The audience figures also outscored the 2004 vice-presidential debate between Democratic hopeful John Edwards and Republican incumbent Dick Cheney, which drew only 43.6 million people.
Nielsen said the Palin-Biden debate was shown live on 12 networks broadcast in the US, including ABC, CBS, FOX, NBC and CNN.
Snap opinion polls on Thursday suggested Biden won the debate. CNN's sampling said he took the clash by 51 to 36 per cent while a CBS survey of uncommitted voters scored it 46 to 21 in favor of Biden.
Early exchanges between Biden and Palin were dominated by the recent global turmoil on the financial markets.
Biden attacked John McCain, the Republican presidential candidate, accusing him of being "out of touch" when he described the US economy as fundamentally strong.
Palin described herself as being part of a "team of mavericks" led by McCain who would bring change to the White House.
Many critics had expected Palin to fumble the debate, after she faced ridicule over a series of interviews.
However Rob Reynolds, Al Jazeera's senior Washington correspondent, said Palin did not put in a poor performance and did not make any major mistakes.
Biden and Palin also clashed on tax policies with both claiming that they would cut tax, and energy, with Palin calling for more drilling to utilise US energy resources.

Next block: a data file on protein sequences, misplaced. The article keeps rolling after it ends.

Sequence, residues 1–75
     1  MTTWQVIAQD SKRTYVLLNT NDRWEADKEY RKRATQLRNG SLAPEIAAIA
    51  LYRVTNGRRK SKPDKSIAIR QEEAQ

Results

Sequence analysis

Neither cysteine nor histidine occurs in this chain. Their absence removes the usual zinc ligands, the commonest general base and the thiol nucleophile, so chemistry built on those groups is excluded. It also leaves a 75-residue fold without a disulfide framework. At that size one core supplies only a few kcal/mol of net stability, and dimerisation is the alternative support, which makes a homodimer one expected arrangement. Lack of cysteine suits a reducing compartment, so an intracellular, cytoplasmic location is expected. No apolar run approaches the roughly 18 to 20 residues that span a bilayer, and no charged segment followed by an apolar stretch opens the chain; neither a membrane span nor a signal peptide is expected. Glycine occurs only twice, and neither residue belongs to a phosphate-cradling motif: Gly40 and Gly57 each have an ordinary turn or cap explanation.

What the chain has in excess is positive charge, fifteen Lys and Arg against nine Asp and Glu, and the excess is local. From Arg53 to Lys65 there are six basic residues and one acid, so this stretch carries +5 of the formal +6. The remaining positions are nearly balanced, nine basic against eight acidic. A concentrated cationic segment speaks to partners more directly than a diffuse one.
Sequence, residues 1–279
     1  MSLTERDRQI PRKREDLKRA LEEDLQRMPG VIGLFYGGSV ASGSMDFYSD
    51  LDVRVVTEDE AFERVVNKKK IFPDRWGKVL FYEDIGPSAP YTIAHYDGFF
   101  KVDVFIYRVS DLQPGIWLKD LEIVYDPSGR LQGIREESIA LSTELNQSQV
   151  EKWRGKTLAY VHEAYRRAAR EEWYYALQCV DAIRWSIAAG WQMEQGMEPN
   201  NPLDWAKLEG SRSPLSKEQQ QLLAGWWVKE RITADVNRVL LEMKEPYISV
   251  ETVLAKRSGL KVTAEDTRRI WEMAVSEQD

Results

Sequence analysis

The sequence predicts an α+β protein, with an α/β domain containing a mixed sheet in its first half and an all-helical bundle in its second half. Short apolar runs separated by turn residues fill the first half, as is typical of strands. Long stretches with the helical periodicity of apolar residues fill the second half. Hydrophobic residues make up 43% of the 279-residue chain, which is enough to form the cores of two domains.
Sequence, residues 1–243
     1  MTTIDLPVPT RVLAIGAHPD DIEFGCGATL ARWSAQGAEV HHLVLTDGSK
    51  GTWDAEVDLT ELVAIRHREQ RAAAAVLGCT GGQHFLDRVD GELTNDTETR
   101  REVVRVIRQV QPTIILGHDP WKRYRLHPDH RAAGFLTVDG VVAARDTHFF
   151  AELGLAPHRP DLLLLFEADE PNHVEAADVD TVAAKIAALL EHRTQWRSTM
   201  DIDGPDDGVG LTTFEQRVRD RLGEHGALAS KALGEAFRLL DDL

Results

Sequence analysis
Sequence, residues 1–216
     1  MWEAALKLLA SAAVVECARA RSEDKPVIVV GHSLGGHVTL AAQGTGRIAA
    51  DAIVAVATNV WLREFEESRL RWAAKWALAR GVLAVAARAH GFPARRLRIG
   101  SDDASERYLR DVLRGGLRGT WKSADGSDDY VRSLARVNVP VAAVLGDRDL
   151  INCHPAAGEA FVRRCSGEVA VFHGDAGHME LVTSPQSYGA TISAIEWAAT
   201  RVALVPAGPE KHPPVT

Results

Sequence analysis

Palin later accused Biden of raising "the white of flag of surrender" in Iraq over the Democrat policy of withdrawing US forces from the country.
Biden said the Republicans were not offering a plan to end the conflict, triggered by the US-led invasion of Iraq in March 2003, in which tens of thousands of Iraqis and more than 4,000 US troops have been killed.
"I didn't hear a plan," Biden responded. "Barack Obama offered a clear plan. Ship responsibility to Iraqis over the next 16 months. Draw down our combat troops."
Biden also lashed out at Dick Cheney, the current vice-president, calling him "the most dangerous vice-president in American history".
Thursday's debate came after a poll found that most US voters have huge doubts about Palin's experience and her ability to lead.
Palin made no major mistakes after critics expected her to fumble in the debate [AFP]
"Six in 10 voters see her as lacking the experience to be an effective president, and a third are now less likely to vote for McCain because of her," the Washington Post
said of its joint poll with ABC News.
And McCain's campaign, which has stalled in the wake of the global financial crisis, said on Thursday that he had conceded the battleground state of Michigan in order to focus on states where he has a better chance of beating Barack Obama, the Democratic presidential candidate.
"It's been the worst state of all the states that are in play and it's an obvious one from my perspective to come off the list," said Greg Strimple, a senior McCain adviser.
Concerns over Palin's experience have increased since she gave a series of interviews on foreign policy, the economy and the US supreme court.
She has faced ridicule for some of her answers, including citing Alaska's proximity to Canada and Russia as valid foreign policy experience.